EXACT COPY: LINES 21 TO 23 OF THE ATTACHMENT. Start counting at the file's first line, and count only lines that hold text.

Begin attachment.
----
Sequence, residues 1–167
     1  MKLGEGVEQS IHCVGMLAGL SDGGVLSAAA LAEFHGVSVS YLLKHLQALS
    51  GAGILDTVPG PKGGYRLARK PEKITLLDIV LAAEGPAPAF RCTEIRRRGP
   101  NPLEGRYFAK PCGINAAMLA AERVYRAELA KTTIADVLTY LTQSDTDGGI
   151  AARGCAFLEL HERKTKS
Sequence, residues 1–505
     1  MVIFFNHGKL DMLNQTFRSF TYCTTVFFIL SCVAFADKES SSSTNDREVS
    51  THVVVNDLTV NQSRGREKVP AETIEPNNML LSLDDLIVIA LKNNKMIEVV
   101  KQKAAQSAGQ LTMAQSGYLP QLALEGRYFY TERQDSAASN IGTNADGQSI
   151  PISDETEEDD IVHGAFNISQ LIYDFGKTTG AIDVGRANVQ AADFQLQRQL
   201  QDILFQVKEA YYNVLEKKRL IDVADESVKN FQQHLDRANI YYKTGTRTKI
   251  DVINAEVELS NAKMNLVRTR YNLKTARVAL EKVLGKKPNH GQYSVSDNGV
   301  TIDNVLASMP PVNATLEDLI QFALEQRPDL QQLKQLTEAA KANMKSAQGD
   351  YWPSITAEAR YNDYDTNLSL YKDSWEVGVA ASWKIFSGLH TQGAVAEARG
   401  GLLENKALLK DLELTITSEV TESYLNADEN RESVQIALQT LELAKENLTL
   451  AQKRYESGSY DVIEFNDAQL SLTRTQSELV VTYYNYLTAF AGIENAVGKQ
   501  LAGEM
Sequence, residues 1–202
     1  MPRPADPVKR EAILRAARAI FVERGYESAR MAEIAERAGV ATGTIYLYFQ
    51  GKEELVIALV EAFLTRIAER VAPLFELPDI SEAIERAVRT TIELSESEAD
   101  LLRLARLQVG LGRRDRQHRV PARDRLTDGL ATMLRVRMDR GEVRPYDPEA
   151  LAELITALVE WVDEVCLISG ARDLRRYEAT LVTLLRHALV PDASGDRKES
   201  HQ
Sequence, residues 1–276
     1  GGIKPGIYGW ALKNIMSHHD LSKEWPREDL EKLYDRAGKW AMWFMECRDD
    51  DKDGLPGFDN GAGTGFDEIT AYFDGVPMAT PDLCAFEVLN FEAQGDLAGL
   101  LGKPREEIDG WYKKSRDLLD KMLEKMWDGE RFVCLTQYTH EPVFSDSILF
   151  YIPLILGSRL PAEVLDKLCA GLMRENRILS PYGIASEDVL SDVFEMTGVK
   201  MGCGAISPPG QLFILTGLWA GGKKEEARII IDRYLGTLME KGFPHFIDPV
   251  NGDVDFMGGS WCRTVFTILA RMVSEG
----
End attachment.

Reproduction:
   101  LLRLARLQVG LGRRDRQHRV PARDRLTDGL ATMLRVRMDR GEVRPYDPEA
   151  LAELITALVE WVDEVCLISG ARDLRRYEAT LVTLLRHALV PDASGDRKES
   201  HQ